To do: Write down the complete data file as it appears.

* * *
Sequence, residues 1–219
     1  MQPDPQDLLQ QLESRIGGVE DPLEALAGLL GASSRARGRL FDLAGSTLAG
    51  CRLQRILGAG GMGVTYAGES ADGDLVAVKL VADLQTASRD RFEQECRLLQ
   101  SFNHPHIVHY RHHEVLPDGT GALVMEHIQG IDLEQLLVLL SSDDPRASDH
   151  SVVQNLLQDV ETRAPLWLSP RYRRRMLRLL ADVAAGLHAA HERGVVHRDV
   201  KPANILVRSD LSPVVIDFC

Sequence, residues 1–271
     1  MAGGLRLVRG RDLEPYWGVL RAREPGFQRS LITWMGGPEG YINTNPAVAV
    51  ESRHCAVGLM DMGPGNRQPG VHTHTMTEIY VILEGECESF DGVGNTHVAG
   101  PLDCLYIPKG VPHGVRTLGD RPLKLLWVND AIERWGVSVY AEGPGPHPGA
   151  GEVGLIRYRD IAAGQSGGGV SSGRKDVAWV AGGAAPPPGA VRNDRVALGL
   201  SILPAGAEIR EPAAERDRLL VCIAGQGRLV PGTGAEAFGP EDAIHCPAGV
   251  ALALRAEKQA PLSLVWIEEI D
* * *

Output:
Sequence, residues 1–219
     1  MQPDPQDLLQ QLESRIGGVE DPLEALAGLL GASSRARGRL FDLAGSTLAG
    51  CRLQRILGAG GMGVTYAGES ADGDLVAVKL VADLQTASRD RFEQECRLLQ
   101  SFNHPHIVHY RHHEVLPDGT GALVMEHIQG IDLEQLLVLL SSDDPRASDH
   151  SVVQNLLQDV ETRAPLWLSP RYRRRMLRLL ADVAAGLHAA HERGVVHRDV
   201  KPANILVRSD LSPVVIDFC

Sequence, residues 1–271
     1  MAGGLRLVRG RDLEPYWGVL RAREPGFQRS LITWMGGPEG YINTNPAVAV
    51  ESRHCAVGLM DMGPGNRQPG VHTHTMTEIY VILEGECESF DGVGNTHVAG
   101  PLDCLYIPKG VPHGVRTLGD RPLKLLWVND AIERWGVSVY AEGPGPHPGA
   151  GEVGLIRYRD IAAGQSGGGV SSGRKDVAWV AGGAAPPPGA VRNDRVALGL
   201  SILPAGAEIR EPAAERDRLL VCIAGQGRLV PGTGAEAFGP EDAIHCPAGV
   251  ALALRAEKQA PLSLVWIEEI D